Tri-City News Wednesday, May 22, 2013, A13

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Metro Vancouver is considering holding its own public hearing on a controversial plan to build a new coal export terminal in Surrey. plywood-like sheets off coal train loads. Fraser Surrey Docks CEO Jeff Scott said her statements are “very misleading.” He said the statistics she cited on escaping coal are from BNSF railway but are out of date, adding dust loss has dropped more than 85% since the adoption of various control methods. Almost all coal escapes in the U.S. within five miles of the mine, Scott said, and escaping dust is undetectable by the time trains reach the Canadian border. He said the binding agent is a glue-like substance. “It’s soluble. We think it’s safe to add to the coal and it’s been added to the coal for several years now — without issue.” Coal has been hauled by rail through Metro Vancouver for decades to a terminal in Deltaport and another in North Vancouver, where an expansion is already approved. The new Surrey terminal — which would handle four million tonnes per year — would increase Port Metro Vancouver’s coal-handling capacity by 8% to 54 million tonnes. It would add one more coal train round trip per day and create 50 jobs — half at the terminal and the rest running barges or reloading coal onto ocean-going ships at Texada Island. Scott said the planned dust-control system is very safe and reliable. Unloading of coal trains would be done in an enclosed area at the proposed terminal, and the conveyor belt and barge loading area would also be enclosed.

Barges would be sprayed with water to suppress dust before they sail. Asked if water could be sprayed onto the coal on barges while in transit, Scott said combination systems have been considered but aren’t yet thought necessary. Barges wouldn’t sail when winds exceed 40

kilometres per hour, but Richmond Coun. Harold Steves warned a squall stronger than that can whip up quickly. There are no plans so far to cover the barges or the rail cars. That’s a concern for the committee’s chair. “There have been studies done,” Deal said. “Unless they’re covered

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A14 Wednesday, May 22, 2013, Tri-City News

Tri-City News Wednesday, May 22, 2013, A15

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A14 Wednesday, May 22, 2013, Tri-City News

Tri-City News Wednesday, May 22, 2013, A15

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A16 Wednesday, May 22, 2013, Tri-City News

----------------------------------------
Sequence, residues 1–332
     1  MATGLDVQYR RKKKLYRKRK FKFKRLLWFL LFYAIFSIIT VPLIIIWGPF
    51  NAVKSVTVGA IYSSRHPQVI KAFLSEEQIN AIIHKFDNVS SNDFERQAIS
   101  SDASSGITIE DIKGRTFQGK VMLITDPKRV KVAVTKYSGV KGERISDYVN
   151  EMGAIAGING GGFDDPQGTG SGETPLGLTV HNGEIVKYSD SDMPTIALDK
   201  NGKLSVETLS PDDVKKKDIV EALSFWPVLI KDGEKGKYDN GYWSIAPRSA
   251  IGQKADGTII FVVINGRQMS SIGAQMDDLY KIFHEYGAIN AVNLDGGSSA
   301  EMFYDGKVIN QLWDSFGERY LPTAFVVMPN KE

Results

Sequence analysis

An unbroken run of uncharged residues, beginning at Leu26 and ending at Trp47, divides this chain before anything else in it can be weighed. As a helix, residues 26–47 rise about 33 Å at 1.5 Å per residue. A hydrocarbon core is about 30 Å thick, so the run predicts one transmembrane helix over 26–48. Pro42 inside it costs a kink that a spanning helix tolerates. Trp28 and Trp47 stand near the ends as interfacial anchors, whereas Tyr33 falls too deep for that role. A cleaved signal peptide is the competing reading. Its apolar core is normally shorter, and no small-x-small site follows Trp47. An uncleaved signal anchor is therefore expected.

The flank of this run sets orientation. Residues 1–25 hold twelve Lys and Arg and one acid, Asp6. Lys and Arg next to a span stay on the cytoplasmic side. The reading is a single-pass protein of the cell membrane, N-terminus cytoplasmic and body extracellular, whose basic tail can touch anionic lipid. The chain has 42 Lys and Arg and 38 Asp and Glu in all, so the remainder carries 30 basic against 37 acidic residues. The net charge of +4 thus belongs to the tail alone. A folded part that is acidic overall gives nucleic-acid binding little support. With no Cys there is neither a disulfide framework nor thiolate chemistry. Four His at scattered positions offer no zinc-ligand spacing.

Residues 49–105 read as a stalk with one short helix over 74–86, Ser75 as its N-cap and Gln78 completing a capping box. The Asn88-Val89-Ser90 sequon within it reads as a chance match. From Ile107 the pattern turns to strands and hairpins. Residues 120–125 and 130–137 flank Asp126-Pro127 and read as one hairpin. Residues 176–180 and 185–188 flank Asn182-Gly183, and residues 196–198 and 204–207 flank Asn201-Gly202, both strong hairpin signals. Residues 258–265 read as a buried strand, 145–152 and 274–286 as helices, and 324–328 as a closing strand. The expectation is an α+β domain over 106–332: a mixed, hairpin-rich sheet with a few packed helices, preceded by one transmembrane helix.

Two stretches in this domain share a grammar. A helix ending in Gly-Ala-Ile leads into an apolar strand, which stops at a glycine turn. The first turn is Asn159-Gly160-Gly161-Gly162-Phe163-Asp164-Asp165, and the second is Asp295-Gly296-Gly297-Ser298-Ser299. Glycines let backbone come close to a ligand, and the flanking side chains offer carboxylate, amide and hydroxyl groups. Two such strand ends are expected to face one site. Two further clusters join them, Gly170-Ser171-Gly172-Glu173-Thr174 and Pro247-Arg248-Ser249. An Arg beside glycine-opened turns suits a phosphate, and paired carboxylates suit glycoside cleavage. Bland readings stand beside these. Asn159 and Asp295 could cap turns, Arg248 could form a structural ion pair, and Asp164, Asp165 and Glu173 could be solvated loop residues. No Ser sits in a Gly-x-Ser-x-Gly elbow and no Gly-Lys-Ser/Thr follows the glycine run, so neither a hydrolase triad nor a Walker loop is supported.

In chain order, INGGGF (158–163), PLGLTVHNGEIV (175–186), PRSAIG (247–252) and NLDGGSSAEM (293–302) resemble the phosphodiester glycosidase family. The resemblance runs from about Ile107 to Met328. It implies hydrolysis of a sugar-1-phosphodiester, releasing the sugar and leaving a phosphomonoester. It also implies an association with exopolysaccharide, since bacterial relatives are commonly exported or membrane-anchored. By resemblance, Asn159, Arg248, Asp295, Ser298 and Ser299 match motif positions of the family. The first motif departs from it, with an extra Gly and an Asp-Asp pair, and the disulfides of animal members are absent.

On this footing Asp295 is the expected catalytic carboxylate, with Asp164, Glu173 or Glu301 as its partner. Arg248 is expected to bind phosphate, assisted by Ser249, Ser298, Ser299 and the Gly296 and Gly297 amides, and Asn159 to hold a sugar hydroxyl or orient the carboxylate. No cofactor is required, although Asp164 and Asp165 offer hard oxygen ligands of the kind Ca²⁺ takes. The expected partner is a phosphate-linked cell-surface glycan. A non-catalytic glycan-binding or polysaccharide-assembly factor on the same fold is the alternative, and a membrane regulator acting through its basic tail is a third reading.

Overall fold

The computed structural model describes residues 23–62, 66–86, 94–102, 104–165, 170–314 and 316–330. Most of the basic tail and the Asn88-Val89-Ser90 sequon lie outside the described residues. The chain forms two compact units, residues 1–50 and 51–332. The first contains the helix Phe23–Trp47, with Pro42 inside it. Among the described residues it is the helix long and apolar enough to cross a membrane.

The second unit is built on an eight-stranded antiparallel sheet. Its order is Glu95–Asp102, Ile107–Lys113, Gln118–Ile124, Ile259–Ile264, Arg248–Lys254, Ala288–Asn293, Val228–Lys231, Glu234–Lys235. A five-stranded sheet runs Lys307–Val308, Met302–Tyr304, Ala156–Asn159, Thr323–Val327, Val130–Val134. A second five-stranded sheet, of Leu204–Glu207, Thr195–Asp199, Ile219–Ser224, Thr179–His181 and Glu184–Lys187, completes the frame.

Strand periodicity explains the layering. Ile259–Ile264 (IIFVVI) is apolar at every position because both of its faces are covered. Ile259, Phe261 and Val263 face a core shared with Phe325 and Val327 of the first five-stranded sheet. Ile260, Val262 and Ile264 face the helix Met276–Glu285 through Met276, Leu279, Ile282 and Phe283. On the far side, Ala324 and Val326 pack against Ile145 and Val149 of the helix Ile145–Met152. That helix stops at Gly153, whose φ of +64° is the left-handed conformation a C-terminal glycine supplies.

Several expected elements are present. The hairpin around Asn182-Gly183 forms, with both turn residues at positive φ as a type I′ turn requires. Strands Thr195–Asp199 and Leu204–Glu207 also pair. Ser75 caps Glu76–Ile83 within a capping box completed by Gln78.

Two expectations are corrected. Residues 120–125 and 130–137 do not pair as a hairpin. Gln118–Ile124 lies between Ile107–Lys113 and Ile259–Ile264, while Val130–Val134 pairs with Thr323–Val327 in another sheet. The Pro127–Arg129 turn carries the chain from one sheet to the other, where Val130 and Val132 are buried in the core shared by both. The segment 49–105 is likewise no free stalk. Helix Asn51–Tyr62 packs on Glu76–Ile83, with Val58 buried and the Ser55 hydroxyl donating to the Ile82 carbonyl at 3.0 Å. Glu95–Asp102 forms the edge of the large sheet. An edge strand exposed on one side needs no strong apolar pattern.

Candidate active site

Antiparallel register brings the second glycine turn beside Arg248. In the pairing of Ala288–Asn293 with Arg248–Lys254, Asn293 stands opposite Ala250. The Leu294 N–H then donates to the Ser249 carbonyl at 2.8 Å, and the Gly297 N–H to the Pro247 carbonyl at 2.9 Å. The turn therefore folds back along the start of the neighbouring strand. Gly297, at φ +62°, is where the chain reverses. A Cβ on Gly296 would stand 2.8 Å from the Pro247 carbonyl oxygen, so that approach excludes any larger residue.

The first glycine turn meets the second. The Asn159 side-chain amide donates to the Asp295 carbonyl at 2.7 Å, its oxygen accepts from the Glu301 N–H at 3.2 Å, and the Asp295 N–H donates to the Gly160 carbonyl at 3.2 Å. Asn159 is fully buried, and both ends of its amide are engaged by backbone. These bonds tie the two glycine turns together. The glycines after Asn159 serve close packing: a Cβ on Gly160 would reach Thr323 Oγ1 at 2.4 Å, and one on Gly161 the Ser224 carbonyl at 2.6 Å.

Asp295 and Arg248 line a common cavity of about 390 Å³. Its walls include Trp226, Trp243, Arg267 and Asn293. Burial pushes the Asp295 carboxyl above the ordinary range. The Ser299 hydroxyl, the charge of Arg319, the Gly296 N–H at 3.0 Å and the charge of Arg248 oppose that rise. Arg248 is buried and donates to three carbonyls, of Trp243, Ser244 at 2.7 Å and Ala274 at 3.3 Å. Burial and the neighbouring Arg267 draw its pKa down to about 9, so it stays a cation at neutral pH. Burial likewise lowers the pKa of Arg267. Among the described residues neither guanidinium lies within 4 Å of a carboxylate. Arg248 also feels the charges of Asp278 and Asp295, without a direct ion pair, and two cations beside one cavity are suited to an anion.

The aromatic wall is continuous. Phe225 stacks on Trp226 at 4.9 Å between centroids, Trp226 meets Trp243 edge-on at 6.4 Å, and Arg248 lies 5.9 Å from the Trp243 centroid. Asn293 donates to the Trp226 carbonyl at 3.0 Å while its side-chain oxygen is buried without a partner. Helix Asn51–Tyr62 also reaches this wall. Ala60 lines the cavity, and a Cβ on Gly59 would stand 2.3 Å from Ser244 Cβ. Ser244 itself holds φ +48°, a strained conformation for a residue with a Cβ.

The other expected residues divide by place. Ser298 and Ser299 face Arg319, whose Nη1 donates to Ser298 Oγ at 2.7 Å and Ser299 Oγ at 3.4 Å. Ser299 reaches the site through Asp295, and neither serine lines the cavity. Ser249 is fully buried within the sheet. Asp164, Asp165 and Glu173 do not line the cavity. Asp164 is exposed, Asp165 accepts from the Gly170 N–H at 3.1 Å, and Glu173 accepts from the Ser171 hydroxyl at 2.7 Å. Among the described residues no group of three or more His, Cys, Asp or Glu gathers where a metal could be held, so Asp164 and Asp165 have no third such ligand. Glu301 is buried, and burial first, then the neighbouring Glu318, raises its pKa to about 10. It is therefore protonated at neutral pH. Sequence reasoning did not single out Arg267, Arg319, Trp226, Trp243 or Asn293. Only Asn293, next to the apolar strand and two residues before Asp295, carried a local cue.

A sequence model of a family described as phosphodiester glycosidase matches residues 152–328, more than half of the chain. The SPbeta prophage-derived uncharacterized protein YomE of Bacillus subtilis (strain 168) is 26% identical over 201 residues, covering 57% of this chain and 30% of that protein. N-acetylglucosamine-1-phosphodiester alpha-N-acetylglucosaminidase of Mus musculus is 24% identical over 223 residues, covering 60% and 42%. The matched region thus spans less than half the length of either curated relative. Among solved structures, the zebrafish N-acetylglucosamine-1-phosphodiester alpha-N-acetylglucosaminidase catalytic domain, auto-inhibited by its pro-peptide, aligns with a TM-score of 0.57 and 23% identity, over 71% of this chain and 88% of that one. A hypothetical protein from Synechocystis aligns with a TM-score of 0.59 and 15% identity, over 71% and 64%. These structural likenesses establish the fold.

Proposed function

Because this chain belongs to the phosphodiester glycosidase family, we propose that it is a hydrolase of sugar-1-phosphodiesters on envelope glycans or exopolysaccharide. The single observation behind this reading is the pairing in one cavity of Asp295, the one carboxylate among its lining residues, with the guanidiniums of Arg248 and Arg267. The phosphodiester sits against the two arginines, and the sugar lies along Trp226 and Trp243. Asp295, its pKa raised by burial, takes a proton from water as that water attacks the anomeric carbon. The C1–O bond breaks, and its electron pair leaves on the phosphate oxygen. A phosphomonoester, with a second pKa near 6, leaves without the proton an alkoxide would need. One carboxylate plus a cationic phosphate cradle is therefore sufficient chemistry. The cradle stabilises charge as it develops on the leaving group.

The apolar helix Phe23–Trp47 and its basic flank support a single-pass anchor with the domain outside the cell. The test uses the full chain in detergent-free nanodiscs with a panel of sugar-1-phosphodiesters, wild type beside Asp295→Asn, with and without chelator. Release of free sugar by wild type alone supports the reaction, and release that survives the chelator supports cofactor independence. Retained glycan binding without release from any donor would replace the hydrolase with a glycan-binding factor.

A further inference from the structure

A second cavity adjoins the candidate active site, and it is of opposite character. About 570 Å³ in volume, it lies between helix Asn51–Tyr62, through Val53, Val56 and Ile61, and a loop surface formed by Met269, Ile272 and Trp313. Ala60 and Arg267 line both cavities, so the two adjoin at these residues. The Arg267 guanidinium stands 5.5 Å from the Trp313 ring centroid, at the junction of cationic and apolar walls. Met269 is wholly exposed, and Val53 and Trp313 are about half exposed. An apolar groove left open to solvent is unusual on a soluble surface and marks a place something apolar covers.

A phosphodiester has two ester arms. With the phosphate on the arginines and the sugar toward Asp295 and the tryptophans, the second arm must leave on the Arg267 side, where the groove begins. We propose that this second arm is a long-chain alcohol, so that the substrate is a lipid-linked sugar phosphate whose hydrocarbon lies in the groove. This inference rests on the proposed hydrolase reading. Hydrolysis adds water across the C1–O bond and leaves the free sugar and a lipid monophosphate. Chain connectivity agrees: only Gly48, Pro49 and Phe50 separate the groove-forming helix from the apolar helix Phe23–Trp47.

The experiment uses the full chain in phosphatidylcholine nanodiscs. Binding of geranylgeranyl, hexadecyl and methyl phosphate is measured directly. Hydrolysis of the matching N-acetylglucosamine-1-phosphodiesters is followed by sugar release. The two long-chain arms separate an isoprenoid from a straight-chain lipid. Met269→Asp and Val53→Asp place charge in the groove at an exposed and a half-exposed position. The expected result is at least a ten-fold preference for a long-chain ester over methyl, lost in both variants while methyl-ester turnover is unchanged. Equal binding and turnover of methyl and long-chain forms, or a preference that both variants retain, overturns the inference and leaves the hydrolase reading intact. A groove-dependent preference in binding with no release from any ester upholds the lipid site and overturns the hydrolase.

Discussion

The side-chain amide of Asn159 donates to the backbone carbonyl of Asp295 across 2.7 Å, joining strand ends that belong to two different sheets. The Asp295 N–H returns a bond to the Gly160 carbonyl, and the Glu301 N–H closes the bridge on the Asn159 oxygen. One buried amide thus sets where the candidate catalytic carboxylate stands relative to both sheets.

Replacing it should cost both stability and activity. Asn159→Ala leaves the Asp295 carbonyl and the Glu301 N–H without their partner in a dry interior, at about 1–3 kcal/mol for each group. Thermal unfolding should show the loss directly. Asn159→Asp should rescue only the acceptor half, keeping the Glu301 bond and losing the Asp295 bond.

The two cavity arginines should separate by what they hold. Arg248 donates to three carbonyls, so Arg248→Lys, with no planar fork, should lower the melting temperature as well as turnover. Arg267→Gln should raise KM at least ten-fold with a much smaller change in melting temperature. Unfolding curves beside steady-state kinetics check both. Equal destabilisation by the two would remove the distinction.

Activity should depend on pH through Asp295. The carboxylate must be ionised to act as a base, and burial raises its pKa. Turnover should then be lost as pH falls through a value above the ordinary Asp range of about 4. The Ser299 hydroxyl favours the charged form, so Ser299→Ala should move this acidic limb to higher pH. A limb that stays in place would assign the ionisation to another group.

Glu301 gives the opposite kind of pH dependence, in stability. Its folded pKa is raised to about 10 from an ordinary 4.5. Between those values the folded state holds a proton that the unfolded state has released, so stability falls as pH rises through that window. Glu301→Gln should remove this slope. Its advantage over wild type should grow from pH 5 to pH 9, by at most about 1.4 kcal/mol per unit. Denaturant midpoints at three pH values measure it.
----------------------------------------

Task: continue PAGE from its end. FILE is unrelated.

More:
www.tricitynews.com

COMMUNITY CAlENDAR

SATURDAY, MAY 25

• Friends of the Coquitlam Public Library Society meet, 10:30 a.m., Room 3 of City Centre branch, 1169 Pinetree Way. Info: 604-937-4130. New members are always welcome. • Friendly Forest Parent Cooperative Pre-school Spring Festival, 1-3 p.m., in the gym at Anmore elementary school; musical performance by Mr. I and the Rainbow Singers, ice cream snacks and fun activities. Tickets: www. friendlyforestpreschool. com (click Upcoming Events) and at the door. Cost: $10/person or $35/ family of 4 (children ages 2 and under are free). • Community garage sale, 9 a.m.-2 p.m, Como Lake United Church, Coquitlam (enter in parking garage off the lane at 535 Marmont St.); for sale: hardware, collectibles, furniture, household and outdoor items, toys, books and more; proceeds support outreach programs.

SUNDAY, MAY 26

• Neuromyelitis Optica (NMO) Walk/Run, 8:30 a.m., Rocky Point Park, Port Moody. Online registration open until midnight Thursday, May 23 at www. nomorenmo.com.

MONDAY, MAY 27

• Tri-Cities Parkinson’s Support Group meets, 10 a.m.-noon, Eagle Ridge United Church, 2813 Glen Dr., Coquitlam. Info: 604945-2877.

SATURDAY, JUNE 1

• Community parking lot trunk sale, 9:30 a.m.3:30 p.m., Coquitlam Presbyterian Church, 948 Como Lake Rd., Coquitlam; concession by donation and live music. Proceeds of stall rentals and concession sales go to support overseas mission work. • Parkland Players carnival, 11 a.m.-2 p.m., 1563 Regan Ave., Coquitlam; music, games, crafts, face painting, TumbleBus. Info: 604-936-7005 or facebook. com/hpmeadowbrookplayers. • Free community shredding and Styrofoam recycling event, 10 a.m.-2 p.m., Vancity community branch parking lot, Shaughnessy Station, 2850 Shaughnessy St., PoCo; bring your confidential documents and Styrofoam and Urban

MAY 25: TEA TIME AT ERH